Either way, BrowserUK’s original observation is what holds water in this case: this is an I/O bound operation, so CPU-twiddling isn’t going to translate to a material improvement. (And the comment that “Perl subs are slow” is, to me, unreliable hearsay.)
It would be useful to time the two functions separately. How much time, and how much resources, does it actually take to run that “recursive” file search routine. Try to predict how much time it, alone would take. Could it, without your being aware of it, be taking more time/resources than it should? Then, using a list of files that is prepared entirely in-advance, sample the amount of time that the file-processing subroutine requires. Once more, to predict how much time it, alone would take to do the entire job. Then, well, does this “jive” with your empirical observations of the actual combined program? The most likely thing to improve actual runtime ... if it can be significantly improved at all ... will be an algorithm revision of some kind.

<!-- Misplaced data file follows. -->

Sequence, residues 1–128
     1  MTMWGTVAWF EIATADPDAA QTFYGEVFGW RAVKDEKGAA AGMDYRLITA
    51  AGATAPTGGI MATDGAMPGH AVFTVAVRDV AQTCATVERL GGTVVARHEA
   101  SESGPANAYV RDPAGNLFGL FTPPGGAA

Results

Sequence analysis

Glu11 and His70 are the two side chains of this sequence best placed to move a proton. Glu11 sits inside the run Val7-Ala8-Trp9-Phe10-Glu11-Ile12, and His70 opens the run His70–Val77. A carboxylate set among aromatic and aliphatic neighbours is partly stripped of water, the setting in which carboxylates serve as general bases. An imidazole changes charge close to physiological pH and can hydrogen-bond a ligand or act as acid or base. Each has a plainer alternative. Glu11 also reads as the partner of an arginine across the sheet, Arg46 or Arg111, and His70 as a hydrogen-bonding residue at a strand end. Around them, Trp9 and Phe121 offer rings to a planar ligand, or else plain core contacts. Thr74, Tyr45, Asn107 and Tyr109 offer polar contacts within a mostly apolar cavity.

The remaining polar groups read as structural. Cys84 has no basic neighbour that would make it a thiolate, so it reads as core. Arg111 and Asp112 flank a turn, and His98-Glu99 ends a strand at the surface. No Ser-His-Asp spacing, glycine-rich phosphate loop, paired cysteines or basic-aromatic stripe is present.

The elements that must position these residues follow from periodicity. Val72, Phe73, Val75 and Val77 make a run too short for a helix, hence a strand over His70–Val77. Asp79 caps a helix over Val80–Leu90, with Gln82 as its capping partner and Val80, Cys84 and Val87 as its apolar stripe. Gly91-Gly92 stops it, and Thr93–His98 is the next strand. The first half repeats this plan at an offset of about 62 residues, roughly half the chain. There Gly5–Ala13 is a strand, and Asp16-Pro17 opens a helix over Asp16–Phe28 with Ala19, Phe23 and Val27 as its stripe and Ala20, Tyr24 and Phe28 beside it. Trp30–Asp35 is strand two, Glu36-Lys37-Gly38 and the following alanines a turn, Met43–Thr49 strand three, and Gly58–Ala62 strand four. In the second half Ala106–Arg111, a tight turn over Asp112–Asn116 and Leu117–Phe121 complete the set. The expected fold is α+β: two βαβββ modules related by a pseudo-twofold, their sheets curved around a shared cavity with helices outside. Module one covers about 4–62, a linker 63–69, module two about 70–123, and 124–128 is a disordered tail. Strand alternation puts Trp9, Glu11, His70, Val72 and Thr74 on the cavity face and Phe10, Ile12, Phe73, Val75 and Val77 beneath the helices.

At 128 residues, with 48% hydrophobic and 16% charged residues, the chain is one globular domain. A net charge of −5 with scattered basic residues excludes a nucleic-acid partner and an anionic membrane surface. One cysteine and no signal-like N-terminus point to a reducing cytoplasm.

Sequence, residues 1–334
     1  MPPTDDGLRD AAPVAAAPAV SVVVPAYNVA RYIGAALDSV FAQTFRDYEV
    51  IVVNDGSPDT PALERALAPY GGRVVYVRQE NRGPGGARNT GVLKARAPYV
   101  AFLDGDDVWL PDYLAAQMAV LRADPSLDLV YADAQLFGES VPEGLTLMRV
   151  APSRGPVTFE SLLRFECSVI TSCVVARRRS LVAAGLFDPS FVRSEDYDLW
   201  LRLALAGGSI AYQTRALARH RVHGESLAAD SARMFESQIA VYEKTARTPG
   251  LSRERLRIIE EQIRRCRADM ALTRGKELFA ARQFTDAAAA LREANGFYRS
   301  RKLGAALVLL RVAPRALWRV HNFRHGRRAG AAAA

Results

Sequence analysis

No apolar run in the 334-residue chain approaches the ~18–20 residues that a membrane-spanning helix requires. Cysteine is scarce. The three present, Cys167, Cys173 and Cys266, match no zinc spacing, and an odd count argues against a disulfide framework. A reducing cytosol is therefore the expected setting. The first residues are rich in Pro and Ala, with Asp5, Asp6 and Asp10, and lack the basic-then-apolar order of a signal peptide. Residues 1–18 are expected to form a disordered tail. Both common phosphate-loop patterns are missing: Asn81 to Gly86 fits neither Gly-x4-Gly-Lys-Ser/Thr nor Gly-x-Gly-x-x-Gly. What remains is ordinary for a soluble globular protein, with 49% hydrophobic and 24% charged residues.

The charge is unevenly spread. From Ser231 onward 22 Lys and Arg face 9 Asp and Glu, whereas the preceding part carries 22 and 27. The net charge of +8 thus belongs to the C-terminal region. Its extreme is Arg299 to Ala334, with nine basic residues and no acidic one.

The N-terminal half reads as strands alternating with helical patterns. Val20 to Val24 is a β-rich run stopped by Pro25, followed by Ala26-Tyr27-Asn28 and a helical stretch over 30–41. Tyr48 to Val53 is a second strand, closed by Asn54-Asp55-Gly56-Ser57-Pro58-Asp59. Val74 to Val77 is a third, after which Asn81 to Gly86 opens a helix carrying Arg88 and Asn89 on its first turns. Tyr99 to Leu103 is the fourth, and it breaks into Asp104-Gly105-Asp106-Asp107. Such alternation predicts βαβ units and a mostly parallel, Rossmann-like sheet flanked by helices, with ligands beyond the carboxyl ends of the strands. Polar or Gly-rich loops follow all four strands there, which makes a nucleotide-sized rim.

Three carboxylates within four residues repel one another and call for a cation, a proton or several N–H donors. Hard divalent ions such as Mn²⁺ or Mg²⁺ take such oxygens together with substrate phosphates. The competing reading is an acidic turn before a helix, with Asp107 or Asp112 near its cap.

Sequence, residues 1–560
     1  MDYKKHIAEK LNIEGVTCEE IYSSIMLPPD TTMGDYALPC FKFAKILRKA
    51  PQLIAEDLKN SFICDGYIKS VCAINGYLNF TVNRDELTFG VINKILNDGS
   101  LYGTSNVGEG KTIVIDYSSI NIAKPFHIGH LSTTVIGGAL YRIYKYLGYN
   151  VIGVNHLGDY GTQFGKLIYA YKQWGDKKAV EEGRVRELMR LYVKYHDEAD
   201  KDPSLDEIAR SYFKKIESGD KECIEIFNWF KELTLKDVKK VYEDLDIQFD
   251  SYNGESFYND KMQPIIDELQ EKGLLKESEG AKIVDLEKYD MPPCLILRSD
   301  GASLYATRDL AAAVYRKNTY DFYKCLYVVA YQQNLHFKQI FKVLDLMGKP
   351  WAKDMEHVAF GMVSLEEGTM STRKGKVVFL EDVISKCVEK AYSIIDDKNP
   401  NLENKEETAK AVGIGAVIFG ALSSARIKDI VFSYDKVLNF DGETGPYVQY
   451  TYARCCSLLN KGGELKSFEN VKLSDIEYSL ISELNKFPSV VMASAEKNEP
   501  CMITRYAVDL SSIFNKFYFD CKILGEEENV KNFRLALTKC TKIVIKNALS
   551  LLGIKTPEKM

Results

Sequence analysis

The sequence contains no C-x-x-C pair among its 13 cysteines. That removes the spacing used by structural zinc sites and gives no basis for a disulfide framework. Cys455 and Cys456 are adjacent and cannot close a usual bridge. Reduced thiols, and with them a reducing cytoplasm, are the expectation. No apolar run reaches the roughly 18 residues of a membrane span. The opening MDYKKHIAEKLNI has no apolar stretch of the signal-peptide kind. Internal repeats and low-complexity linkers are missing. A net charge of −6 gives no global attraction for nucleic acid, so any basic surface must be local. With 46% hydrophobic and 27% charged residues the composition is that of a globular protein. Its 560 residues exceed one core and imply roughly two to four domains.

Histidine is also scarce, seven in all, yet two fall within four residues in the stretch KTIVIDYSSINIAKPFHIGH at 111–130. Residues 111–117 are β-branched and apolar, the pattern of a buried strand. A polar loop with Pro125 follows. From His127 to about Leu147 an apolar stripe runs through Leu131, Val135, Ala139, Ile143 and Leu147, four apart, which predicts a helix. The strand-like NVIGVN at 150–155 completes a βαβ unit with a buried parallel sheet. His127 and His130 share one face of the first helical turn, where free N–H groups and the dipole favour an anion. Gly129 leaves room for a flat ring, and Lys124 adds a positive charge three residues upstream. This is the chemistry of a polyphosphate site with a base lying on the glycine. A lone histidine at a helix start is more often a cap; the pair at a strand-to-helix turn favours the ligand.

Don’t “diddle” code to make it faster: find a better algorithm.
Kernighan & Plauger: The Elements of Programming Style
Posts are HTML formatted. Put <p> </p> tags around your paragraphs. Put <code> </code> tags around your code and data!
Read Where should I post X? if you're not absolutely sure you're posting in the right place.
Please read these before you post! —
Posts may use any of the Perl Monks Approved HTML tags:
You may need to use entities for some characters, as follows. (Exception: Within code tags, you can put the characters literally.)
- a, abbr, b, big, blockquote, br, caption, center, col, colgroup, dd, del, div, dl, dt, em, font, h1, h2, h3, h4, h5, h6, hr, i, ins, li, ol, p, pre, readmore, small, span, spoiler, strike, strong, sub, sup, table, tbody, td, tfoot, th, thead, tr, tt, u, ul, wbr
Link using PerlMonks shortcuts! What shortcuts can I use for linking?
See Writeup Formatting Tips and other pages linked from there for more info.
| & || & |
| < || < |
| > || > |
| [ || [ |
| ] || ] ||